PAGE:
Blocked overflow led to village flooding admits Anglian Water
Flooded homes and gardens should be a thing of the past in one Fenland village according to the local water authority.
Anglian Water representatives told a special flooding meeting at Manea Village Hall last night (Wednesday) the firm had identified what had caused homes across the village to flood three times in the past year and a half and the problem had now been addressed.
Matt Moore, Anglian Water's flood partnership manager, said a combined sewage overflow had been inexplicably bunged meaning that when there was unprecedented rainfall there was no where for the excess water to go.
He explained the overflow, which has been permitted by the Environment Agency to discharge raw sewage into a water course, has now been unblocked and an investigation under-way to find out when and why it was bunged up.
However, he said now that it has been unblocked the village sewerage system will be able to cope in periods of heavy rainfall and therefore homes should not be flooded again.
But the news has come too late for many home-owners who are counting the cost of seeing their properties flooded three times in 18 months, with the most recent incident on October 20.
One man said his home in East Street, which had been left 18 inches deep in raw sewage, was now not only uninsurable but worse still unsellable.
He said his insurance company have confirmed it will no longer insure him after paying out three times this year.
He said: "The flooding has knocked thousands of pounds of our home, and has made it uninsurable, and unsellable and that is down to Anglian Water. You have admitted here tonight that it was your blocked up overflow that has caused this, so what are you going to do about recompensing us.
"My wife is afraid to go out if it's raining because she is worried about what she will find when she gets home, and that is down to you and the fact she has had other people's effluent in our home and garden."
He pointed out that the overflow in question was in a locked compound which meant it had not been accidentally blocked up nor had it been blocked by someone other than an employee of Anglian Water.
Mr Moore denied it was entirely down to Anglian Water pointing out there were many contributing factors including blocked drainage dykes and ditches, and people illegally discharging rainwater into the foul water system.
He also denied any home was uninsurable and recommended calling a national scheme set up by the Government in the wake of floods in Cumbria to help owners of flooded properties get insurance.
However, Fenland councillor Dee Laws, who helps run Flood Watch in her home town of Whittlesey and is the district's portfolio holder for planning, said many people she had dealt with had found they could not get insurance even with the help of the scheme.
Another woman, who lives in Westfield Road, said she had a pump permanently set up in her kitchen because of flooding issues she has faced.
She said: "When we bought our home we had fields at the back and to the side of us now we have four properties adjoining us, the drain has disappeared, the houses have very small soakaways and the water is running into our gardens and house. We call Fenland planning to come out to see it, but they turn up about a week later, when the flooding has gone and nothing gets done.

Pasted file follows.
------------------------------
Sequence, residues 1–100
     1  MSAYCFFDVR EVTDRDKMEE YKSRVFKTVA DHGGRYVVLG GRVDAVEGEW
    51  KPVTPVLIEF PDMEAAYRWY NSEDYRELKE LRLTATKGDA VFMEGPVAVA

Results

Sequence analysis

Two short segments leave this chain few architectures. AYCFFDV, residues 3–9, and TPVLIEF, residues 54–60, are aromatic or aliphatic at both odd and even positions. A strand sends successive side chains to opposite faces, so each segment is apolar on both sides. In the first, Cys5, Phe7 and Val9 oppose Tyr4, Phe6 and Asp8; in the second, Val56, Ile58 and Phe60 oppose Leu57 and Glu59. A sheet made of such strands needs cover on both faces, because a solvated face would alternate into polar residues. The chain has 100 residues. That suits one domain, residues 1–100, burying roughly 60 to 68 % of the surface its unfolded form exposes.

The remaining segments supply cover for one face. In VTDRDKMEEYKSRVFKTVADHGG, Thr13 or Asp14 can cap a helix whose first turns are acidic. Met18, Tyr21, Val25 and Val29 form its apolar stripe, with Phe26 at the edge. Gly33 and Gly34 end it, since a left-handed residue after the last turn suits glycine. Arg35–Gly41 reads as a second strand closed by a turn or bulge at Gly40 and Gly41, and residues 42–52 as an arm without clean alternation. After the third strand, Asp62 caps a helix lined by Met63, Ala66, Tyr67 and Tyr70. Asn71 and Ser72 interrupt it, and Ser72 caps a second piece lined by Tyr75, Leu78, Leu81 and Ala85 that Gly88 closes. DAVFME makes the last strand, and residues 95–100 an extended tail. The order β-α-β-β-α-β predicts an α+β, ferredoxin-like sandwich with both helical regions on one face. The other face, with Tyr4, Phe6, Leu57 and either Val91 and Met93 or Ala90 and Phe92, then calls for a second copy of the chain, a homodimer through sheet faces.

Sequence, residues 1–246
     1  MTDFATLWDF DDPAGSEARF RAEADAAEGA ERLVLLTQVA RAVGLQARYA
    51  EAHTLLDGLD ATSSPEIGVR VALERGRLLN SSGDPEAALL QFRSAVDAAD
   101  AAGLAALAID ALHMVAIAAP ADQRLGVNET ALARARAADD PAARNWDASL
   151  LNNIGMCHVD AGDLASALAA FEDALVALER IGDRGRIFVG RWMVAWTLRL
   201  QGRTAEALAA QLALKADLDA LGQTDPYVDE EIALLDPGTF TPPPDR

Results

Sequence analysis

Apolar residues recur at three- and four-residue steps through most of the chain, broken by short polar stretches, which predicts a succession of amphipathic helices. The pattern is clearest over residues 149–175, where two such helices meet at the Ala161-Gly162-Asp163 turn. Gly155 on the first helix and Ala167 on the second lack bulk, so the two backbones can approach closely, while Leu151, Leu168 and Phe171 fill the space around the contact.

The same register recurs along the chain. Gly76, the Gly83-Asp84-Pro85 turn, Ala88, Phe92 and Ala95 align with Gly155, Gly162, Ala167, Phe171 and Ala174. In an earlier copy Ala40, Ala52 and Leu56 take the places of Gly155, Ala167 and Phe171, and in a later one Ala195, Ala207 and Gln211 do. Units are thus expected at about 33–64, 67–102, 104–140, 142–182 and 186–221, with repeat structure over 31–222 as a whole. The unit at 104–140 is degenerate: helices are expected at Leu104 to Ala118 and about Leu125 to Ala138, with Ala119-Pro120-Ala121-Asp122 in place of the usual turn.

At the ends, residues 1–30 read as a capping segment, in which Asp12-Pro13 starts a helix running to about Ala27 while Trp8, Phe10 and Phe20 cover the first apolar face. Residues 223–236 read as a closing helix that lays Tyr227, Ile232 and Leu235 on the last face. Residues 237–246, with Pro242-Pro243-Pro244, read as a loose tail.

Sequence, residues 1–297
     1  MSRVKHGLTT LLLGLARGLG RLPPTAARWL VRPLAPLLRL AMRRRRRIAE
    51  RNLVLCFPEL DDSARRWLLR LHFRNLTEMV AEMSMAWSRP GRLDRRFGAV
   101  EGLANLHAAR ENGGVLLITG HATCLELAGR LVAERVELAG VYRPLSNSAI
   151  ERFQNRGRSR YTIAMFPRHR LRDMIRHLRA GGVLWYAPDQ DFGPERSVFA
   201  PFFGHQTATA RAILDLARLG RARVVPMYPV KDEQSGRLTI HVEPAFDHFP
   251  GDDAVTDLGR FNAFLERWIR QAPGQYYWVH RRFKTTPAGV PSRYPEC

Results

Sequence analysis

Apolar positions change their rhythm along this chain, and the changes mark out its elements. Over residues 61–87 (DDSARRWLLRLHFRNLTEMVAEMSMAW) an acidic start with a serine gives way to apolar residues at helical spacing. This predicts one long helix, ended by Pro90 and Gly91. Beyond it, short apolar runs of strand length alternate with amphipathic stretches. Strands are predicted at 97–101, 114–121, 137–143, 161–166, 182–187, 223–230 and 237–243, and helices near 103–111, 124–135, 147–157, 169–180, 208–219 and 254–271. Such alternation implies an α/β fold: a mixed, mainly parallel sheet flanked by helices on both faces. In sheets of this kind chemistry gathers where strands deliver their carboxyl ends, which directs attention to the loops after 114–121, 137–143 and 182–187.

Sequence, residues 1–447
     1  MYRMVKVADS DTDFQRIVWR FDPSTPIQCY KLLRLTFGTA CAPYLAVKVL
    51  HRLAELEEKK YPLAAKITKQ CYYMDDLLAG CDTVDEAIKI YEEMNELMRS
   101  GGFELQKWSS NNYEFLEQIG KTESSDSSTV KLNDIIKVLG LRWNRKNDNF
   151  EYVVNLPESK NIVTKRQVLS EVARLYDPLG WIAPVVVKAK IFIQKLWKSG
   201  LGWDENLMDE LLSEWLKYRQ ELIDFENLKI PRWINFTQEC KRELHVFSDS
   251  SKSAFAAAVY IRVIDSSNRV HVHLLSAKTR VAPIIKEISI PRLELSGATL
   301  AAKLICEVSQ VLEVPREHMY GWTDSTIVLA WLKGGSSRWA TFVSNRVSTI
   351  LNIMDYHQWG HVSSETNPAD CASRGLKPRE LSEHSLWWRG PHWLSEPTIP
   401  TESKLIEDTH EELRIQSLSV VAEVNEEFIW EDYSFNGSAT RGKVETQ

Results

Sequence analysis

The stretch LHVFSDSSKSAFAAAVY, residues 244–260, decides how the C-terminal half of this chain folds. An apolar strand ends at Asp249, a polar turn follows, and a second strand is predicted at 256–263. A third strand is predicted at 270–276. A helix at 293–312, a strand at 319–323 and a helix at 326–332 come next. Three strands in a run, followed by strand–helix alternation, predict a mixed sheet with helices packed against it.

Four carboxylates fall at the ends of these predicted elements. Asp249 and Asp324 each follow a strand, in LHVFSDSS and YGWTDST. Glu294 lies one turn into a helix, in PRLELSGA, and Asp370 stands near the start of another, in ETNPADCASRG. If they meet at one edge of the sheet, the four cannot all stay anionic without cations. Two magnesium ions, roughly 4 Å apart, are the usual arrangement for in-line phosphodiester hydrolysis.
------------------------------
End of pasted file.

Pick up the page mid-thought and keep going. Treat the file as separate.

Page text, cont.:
"We are in our 70s and having to deal with a pump permanently in our kitchen. Please care and do something to help us."
Councillor Jan French, who has coordinated a flooding response in March and has also contributed to a flooding taskforce alongside MP Steve Barclay, said those responsible for blocking drainage dykes and ditches were now facing action and urged people to report anyone who had done so.
She said where developers had blocked dykes without permission, or properly piping them would be forced to reinstate them at their own cost and she gave an example where a group of home owners who had built garages, conservatories and sheds over a blocked up dyke, were being forced to remove them.
"We can't have dykes and ditches blocked up without permission or being properly piped as that is helping to cause the problems we are facing with flooding and action needs to be taken to stop it from happening, and to make those who do it pay - and we are doing just that. So please report any you know of," she said.
Meanwhile Manea's independent district Councillor Charlie Marks said the parish council had obtained maps of dykes and ditches in the village and appealed for anyone with information about any that had been filled in to contact the council.
Fellow parish councillor Barry Cundell said part of the problem was Fenland District Council giving planning permission for developments, knowing the infra-structure was not capable of dealing with the extra homes. But Coun Laws said the planning committee always asked questions about flooding and infra-structure capacity.
While Mr Moore said Manea's water treatment plant did have capacity but added Anglian Water could only look at capacity in dry condition scenarios when commenting on applications.
Manea parish council chairman Lisa Eves said the situation was "very frustrating" but said there was some comfort from what Anglian Water's representatives had said about the blocked overflow and added it was good news that the firm was investing £1million in the village's water treatment centre.
But she said: "The reality is we might flood again." Adding there were now plans to set up a Flood Watch in the village to help deal with that possibility and appealed for volunteers to help make that happen.